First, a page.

You can find the methodology for this analysis here.

Topics: News Media Sectors, News Content Analysis, Television

  1. Photo of Mark Jurkowitz

    is Associate Director at the Pew Research Center’s Journalism Project.

  2. Photo of Paul Hitlin

    is a senior researcher focusing on internet, science and technology at Pew Research Center.

  3. Photo of Nancy Vogt

    is a research analyst focusing on journalism research at Pew Research Center.

  4. Photo of Monica Anderson

    is a research associate focusing on internet, science and technology at Pew Research Center.


  1. News monkey4 years ago

    News value is subjective.

    Different outlets serve different audiences and different audiences have different needs and different desires to know about different facts. First rule of all communication: know your audience.

    Across the spectrum, TV news gets too much credit in general and specifically from PEW, for differentiating news from commentary. Aside from the top of the hour reports, most of what they all air is some well-groomed and attractive person long on academics and short on real world experience trying to provoke hot flashes of commentary out of people who may or may not have a connection to the story.

    Events and governmental actions that affect people are news. Talking about events and the government is commentary, whether it’s done by the senior discount coffee crowd hanging out at McDonald’s between breakfast and lunch or by a bunch of second tier clothing models whose shirts are stuffed with academic degrees and certificates.

  2. James A. Thomas ll4 years ago

    Yes, our News reporting is biased.we all know it is. America, has problems at home ! W3 have overspent in too many areas to count. So what do we do in a Typhoon? We sand food and aid. Which is the right thing to do. But are we the only country that can help ? There is only so much we can do here at home. As you know we have our own problems !
    We have a lame duck president and our congress ? Well much could be done about them also.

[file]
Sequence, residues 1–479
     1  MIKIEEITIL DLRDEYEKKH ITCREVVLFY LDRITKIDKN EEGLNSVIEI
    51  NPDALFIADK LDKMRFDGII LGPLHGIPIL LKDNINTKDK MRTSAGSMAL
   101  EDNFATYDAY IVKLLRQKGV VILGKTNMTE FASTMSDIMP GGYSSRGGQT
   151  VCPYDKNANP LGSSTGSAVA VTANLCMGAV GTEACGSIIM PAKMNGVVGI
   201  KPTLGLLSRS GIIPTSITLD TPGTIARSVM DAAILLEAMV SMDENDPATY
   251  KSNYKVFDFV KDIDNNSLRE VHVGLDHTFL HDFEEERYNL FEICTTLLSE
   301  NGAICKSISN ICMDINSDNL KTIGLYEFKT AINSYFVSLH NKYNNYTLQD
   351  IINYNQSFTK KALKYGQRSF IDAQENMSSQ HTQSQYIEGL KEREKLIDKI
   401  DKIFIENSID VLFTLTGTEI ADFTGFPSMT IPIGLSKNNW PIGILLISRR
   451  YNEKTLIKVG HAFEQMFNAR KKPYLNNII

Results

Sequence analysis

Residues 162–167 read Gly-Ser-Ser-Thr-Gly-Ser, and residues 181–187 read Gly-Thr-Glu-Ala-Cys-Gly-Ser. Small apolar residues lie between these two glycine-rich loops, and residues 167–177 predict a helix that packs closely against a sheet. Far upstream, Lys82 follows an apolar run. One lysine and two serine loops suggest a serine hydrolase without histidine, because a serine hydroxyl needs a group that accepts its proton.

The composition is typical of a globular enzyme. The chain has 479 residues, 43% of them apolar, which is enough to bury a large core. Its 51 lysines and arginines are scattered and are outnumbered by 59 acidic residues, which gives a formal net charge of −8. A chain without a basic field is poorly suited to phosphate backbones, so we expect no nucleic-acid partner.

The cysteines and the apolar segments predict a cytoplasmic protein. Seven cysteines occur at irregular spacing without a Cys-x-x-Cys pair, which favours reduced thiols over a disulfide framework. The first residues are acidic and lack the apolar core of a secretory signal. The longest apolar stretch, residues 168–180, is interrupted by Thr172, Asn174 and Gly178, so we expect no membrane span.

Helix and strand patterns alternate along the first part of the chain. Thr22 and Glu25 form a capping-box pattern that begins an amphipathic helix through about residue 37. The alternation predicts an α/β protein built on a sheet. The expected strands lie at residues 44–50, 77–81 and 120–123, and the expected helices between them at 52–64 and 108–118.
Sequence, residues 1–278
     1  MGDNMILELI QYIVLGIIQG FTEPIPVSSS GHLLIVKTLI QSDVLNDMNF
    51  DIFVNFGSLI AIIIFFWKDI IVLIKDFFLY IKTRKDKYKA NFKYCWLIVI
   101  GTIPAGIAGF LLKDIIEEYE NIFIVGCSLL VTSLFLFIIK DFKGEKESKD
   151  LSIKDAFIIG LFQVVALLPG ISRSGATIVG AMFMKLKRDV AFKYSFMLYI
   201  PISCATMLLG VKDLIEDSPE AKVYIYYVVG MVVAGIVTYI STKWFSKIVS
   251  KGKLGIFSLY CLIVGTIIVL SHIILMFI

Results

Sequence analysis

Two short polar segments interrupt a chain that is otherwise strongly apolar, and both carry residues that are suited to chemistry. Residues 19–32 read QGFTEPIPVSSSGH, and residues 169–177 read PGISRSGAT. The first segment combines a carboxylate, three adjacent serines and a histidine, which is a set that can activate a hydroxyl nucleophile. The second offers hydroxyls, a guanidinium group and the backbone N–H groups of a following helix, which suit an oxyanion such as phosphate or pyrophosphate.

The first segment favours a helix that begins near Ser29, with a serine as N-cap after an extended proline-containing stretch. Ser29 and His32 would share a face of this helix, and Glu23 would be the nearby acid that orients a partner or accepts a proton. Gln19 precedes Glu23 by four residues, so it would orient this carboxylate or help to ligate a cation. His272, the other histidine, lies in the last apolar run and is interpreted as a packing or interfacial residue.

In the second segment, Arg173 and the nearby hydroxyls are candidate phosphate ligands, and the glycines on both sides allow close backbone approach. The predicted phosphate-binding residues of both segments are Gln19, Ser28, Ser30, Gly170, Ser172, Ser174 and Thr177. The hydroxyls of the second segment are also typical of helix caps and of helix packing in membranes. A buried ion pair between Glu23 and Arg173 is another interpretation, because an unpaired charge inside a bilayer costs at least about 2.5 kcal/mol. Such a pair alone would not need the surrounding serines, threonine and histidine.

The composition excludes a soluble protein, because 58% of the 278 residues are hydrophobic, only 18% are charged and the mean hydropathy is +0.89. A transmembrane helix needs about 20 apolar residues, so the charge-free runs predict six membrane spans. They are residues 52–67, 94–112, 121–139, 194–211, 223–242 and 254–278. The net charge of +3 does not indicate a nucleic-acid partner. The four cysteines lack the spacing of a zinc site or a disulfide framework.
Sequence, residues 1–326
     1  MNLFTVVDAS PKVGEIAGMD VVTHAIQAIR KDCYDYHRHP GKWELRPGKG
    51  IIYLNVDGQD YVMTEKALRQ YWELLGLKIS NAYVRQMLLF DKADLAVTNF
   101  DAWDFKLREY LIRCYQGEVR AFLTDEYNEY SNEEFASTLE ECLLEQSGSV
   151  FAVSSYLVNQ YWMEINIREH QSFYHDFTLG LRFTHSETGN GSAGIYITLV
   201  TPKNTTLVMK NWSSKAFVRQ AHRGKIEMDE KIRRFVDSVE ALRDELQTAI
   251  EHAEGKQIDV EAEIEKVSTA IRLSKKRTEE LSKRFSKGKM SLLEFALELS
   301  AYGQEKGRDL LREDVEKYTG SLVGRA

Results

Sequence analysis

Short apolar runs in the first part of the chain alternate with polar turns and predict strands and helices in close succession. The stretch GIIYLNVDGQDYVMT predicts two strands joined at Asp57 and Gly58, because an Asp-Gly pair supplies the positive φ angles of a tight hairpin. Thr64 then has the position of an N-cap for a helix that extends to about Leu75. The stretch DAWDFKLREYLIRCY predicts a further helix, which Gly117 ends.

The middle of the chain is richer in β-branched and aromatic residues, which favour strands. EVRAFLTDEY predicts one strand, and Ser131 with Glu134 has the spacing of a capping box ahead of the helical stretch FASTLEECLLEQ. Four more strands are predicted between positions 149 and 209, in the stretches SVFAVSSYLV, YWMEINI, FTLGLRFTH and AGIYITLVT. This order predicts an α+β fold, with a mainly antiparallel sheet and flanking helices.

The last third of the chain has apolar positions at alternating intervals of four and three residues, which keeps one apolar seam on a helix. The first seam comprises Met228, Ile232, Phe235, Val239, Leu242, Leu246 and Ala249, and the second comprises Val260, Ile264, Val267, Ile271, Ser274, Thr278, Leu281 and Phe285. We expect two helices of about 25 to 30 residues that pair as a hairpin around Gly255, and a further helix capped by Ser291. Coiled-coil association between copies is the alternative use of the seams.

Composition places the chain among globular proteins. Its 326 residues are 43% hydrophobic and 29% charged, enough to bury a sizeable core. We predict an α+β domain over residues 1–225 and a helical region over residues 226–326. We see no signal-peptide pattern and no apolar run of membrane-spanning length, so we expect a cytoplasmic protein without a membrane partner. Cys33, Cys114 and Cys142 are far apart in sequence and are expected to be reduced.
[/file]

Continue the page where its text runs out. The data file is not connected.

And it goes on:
Till both parties agree we have problems that are in dire need of repair, all we are doing is spinning our wheels

  3. Tony4 years ago

    Since when did Al-Jazeera, the Muslim mouthpiece, become mainstream news???

    1. HK4 years ago

      Indeed, They are just trying to ingratiate themselves because they are a muslim propaganda arm and everyone knows it.

    2. YS4 years ago

      Al-Jazeera, has actually globally established themselves as a less biased news outlet in comparison to their competitors. So this statement is both ignorant and factually unfounded.

  4. bobfo4 years ago

    Give Americans a year or two and they’ll know about Al Jazeera and the rebirth of a quaint old idea called “objective news reporting.” Maybe the process would go faster if they would change the name…maybe “AJN” or “Fax News”…

  5. Vicki4 years ago

    So, since I don’t watch Al Jazzera, it is a news channel only? As opposed to Fox News which has news but more commentary programs (analysis) and would this account for the difference in time alloted? We can analyze things for hours, but straight news only takes so much time (unless you are getting commentaries from folks who are in the tragedy from the typhoon). There is a difference between NEWS stories and analysis of the news or current events.